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  • Cather’s Editorial Shaping of Sapphira and the Slave Girl
  • Sarah Clere (bio)

Sapphira and the Slave Girl, published in 1940, is Willa Cather’s only book set in the southern United States. Her last major work of fiction, it provides a fascinating and enigmatic ending to her career as a novelist. While Cather’s beautifully-worded descriptive passages evoke many of the customs and routines that characterized the antebellum South, the plot of Sapphira narrates the harassment and attempted rape of a young enslaved woman. The novel is based on stories from Cather’s own family and the Virginia community where she spent the first nine years of her life. Because family history is of paramount importance to this novel, it seems fitting that a significant interpretive resource recently emerged from one of Cather’s own descendents. In 2011, Charles Cather, the last of Cather’s nieces and nephews, died, leaving a wealth of Cather materials to the Archives and Special Collections of the University of Nebraska-Lincoln (UNL). One of these items is a partial typescript of Sapphira and the Slave Girl. This typescript joins a significant cache of pre-publication material, including other extant typescript and holograph fragments as well as another nearly-complete typescript housed at Drew University.1

This essay examines points where the UNL typescript differs from the novel and uses those differences to expand our understanding of Cather’s text. It is less an attempt to understand Cather’s revision process in general and more an examination of what this particular resource can tell us about possible ways Sapphira could have developed. I generally focus on elements that appear to be unique to the UNL typescript. My analysis of differences between the typescript and the novel is thematic rather than chronological. I begin with some broad observations about Cather’s treatment of race in the novel and move into a consideration of individual characters and scenes. I end with an examination of the poor white characters in Sapphira.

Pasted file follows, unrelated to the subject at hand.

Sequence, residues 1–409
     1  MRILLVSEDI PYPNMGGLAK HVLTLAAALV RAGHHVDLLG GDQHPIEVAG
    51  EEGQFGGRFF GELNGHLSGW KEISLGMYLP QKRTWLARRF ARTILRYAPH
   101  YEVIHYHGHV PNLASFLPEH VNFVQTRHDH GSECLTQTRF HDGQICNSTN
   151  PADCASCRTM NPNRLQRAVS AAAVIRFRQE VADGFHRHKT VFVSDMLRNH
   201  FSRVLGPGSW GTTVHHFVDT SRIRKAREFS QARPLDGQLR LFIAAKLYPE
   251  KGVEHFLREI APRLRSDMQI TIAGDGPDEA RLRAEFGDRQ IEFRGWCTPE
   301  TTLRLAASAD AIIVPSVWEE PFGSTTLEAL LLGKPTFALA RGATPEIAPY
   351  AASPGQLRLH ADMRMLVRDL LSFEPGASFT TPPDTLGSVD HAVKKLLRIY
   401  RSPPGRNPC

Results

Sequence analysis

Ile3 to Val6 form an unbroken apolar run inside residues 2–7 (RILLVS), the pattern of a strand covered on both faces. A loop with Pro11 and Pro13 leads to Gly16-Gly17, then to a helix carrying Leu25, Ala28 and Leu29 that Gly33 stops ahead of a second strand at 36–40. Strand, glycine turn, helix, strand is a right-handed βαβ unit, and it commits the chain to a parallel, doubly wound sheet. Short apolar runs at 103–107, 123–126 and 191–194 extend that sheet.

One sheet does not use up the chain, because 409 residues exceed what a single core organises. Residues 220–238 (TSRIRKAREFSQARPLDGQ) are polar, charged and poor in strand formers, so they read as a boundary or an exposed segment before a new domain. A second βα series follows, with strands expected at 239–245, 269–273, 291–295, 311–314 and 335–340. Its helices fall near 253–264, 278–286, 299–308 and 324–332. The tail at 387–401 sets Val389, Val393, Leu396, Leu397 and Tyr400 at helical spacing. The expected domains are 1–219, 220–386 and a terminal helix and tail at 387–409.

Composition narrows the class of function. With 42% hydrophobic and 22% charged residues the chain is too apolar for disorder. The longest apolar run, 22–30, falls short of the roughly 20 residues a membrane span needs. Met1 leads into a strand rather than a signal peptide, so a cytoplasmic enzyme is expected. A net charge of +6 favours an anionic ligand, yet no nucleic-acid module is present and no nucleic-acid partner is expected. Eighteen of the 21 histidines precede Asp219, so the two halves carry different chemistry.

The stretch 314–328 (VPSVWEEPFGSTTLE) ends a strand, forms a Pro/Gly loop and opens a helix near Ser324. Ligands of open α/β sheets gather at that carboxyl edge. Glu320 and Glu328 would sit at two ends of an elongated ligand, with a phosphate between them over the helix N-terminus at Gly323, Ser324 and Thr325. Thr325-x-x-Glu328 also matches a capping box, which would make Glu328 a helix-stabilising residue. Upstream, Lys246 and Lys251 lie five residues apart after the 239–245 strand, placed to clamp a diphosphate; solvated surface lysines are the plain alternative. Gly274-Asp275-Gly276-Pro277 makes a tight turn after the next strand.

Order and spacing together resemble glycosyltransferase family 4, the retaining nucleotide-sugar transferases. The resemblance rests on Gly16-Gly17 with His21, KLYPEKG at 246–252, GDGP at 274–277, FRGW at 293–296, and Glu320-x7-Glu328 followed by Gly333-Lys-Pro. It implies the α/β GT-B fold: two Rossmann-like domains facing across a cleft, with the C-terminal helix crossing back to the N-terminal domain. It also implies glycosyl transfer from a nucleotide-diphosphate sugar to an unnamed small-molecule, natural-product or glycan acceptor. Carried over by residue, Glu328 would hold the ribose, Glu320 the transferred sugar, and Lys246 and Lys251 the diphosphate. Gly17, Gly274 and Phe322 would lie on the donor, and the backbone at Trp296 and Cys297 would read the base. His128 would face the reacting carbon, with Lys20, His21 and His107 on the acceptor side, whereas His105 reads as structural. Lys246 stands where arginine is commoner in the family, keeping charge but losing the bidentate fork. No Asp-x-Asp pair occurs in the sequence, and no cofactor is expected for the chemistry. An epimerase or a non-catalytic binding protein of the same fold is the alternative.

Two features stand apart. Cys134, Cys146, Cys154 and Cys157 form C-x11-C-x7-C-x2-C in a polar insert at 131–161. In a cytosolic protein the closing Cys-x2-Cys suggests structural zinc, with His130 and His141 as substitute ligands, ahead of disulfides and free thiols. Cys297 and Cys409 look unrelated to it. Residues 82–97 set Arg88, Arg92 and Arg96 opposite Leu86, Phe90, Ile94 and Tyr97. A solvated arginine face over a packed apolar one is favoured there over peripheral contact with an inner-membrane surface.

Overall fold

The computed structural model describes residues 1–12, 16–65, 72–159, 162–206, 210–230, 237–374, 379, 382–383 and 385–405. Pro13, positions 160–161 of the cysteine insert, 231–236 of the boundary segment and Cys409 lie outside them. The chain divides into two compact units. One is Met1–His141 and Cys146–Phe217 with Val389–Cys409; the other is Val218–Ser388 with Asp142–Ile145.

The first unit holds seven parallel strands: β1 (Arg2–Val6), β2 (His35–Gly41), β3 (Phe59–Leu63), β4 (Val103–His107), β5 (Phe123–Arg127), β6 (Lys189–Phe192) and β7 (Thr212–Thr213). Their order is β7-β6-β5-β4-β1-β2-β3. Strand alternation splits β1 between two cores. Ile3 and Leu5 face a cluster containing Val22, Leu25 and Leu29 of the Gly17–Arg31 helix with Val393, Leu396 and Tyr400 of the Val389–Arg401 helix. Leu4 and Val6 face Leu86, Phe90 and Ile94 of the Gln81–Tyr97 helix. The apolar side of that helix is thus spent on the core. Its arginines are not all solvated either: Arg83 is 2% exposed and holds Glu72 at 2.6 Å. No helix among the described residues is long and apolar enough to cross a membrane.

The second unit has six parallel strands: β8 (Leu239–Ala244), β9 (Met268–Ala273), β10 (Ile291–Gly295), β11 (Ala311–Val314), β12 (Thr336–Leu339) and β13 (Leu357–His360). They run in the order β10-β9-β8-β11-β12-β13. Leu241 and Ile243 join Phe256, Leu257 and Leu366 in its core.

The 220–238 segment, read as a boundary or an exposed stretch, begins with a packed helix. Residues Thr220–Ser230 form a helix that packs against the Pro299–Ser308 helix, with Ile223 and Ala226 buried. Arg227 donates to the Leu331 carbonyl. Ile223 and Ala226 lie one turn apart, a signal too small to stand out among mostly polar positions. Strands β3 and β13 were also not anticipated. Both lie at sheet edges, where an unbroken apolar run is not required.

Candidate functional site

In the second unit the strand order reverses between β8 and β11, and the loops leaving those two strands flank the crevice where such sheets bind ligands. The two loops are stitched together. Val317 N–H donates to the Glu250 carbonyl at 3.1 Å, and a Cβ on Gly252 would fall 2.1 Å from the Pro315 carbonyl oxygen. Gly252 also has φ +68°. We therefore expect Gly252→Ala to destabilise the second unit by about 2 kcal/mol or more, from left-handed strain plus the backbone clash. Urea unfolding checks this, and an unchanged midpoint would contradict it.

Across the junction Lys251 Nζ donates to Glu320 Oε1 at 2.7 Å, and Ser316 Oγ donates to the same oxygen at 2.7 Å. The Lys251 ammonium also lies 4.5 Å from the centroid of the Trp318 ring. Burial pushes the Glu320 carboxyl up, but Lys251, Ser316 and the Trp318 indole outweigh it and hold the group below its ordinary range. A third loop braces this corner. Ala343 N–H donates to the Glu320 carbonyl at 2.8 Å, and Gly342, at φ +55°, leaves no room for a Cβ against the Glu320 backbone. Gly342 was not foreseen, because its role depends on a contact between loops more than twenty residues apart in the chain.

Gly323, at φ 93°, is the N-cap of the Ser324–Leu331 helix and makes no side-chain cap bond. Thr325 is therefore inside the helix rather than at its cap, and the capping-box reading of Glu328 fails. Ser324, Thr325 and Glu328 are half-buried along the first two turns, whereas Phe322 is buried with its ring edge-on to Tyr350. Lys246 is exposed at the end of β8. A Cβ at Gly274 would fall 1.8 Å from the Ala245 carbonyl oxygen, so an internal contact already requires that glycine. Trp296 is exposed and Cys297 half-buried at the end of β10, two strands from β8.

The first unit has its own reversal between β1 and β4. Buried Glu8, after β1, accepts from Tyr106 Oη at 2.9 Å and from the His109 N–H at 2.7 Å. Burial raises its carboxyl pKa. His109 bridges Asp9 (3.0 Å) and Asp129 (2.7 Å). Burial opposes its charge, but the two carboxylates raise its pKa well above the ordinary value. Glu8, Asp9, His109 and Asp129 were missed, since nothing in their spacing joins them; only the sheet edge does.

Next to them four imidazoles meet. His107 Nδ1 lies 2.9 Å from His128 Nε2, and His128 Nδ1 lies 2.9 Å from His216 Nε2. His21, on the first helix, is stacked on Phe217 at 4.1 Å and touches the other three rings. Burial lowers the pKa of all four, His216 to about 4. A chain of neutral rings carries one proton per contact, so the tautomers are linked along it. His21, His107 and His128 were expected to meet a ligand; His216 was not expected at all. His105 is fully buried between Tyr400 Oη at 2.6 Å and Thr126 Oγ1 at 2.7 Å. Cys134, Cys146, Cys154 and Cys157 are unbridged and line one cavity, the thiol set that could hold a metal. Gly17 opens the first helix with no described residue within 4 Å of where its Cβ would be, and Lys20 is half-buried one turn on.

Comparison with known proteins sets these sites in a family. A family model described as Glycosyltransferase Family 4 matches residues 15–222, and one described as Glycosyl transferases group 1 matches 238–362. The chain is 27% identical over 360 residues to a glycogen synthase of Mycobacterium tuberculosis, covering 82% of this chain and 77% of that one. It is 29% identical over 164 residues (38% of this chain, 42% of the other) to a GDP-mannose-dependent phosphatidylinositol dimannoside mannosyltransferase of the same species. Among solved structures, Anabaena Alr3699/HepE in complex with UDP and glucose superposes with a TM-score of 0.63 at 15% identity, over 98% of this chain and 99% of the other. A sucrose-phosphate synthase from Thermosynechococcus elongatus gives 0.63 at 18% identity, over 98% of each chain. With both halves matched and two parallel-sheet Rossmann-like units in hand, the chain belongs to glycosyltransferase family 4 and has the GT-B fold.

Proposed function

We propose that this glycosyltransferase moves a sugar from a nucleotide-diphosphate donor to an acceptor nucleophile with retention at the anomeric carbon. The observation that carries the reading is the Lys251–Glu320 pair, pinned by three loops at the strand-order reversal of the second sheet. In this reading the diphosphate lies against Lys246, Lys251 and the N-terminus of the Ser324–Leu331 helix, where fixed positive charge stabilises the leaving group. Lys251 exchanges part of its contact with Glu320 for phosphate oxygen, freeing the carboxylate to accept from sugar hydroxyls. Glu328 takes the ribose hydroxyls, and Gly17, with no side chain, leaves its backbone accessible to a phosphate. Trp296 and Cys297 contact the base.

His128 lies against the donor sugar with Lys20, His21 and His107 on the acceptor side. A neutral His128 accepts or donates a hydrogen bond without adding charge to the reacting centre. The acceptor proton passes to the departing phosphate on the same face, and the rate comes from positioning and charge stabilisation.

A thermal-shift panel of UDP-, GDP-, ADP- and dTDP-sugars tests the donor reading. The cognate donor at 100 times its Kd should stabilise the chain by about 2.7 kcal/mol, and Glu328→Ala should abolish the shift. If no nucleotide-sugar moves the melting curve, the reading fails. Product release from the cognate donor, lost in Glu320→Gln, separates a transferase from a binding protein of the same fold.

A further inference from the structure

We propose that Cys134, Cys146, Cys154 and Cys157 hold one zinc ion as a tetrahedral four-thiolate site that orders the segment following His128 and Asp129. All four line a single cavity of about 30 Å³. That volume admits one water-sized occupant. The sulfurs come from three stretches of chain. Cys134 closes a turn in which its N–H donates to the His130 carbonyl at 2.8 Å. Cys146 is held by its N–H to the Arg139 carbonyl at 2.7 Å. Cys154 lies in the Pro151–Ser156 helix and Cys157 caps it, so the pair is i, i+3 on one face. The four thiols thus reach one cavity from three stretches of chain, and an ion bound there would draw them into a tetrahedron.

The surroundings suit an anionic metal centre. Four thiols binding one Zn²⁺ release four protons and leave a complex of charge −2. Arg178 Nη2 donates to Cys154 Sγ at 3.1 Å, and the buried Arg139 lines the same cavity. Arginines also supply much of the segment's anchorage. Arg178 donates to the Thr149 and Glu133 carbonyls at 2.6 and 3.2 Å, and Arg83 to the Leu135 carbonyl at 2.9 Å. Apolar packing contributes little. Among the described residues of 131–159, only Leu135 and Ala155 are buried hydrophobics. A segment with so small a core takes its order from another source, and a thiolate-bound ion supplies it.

The novel’s black characters and how to portray them were very much on Cather’s mind when she composed Sapphira.2 What if any connections Cather [End Page 442] made between these characters and actual black people living in America at the time she was writing is impossible to know, but the novel itself oscillates between depicting black characters as objects that exist only in relation to white characters and allowing them to be autonomous subjects who act with conscious intent.3 Orality is central to Sapphira, since the narrative has its origins in “old family and neighborhood stories” (Woodress 481). Cather heard these stories from three main sources: her own family members, Matilda Jefferson, and Mary Ann Anderson. Matilda Jefferson (the prototype for Till) was African American, while Mary Ann Anderson (the inspiration for Mandy Ringer) was a poor white woman from the Virginia hills. It is entirely possible that Cather might have heard the same person or incident described from as many as three distinct vantage points. In addition to the narratives of her family members, the more marginalized perspectives of Mary Ann Ringer and particularly Matilda Jefferson also influenced the novel. Structurally, the novel reflects the stories that the young Willa Cather heard. The dominant perspective of Cather’s family narrative is questioned and extended through the viewpoints of African Americans and less-enfranchised whites.

One of the most significant differences between the UNL typescript and the novel involves the scene that begins with Sapphira’s visit to the elderly Jezebel, which segues into a description of Jezebel’s experience during the Middle Passage. The UNL typescript contains two versions of Sapphira’s visit to Jezebel, each of which is very similar to the scene in the first edition of the novel. The typescript also contains an alternate scene where Henry, and not Sapphira, goes to see Jezebel in her cabin (B2F18). According to the typescript, Henry’s visit to Jezebel is motivated by the loneliness he feels while his wife is in Winchester for Holy Week. Unlike the imperious Sapphira, who is carried right into the cabin, Henry “rapped softly at the cabin door” before going in and is met...


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pp. 442-459
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